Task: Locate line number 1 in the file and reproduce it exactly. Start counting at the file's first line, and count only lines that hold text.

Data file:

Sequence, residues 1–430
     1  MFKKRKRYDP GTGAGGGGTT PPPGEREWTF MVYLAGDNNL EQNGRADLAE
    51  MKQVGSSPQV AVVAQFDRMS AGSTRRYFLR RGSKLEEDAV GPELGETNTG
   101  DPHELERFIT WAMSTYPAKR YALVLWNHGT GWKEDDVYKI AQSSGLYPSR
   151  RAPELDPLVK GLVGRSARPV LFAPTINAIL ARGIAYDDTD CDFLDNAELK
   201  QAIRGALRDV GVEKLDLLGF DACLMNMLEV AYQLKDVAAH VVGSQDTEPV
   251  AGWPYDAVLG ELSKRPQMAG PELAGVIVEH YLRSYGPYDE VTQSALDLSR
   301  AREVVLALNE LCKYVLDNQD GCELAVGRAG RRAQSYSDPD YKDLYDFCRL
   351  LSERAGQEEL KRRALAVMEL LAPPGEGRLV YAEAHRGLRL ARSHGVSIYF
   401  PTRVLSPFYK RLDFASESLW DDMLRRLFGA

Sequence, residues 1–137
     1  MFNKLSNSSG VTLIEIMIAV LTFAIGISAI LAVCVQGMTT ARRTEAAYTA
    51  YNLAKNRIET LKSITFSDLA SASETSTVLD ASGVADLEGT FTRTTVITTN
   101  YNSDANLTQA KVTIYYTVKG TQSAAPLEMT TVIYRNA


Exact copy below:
Sequence, residues 1–430